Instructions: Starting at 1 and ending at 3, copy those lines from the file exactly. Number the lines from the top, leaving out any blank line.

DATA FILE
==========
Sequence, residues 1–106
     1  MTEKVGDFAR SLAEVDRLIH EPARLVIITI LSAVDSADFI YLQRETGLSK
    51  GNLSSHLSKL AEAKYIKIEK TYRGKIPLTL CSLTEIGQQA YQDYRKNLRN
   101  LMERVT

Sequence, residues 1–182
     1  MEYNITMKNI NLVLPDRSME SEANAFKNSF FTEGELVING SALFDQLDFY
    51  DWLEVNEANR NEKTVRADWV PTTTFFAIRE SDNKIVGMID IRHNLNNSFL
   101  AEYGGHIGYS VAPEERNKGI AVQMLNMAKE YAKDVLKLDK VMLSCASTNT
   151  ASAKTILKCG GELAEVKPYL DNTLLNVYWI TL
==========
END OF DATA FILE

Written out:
Sequence, residues 1–106
     1  MTEKVGDFAR SLAEVDRLIH EPARLVIITI LSAVDSADFI YLQRETGLSK
    51  GNLSSHLSKL AEAKYIKIEK TYRGKIPLTL CSLTEIGQQA YQDYRKNLRN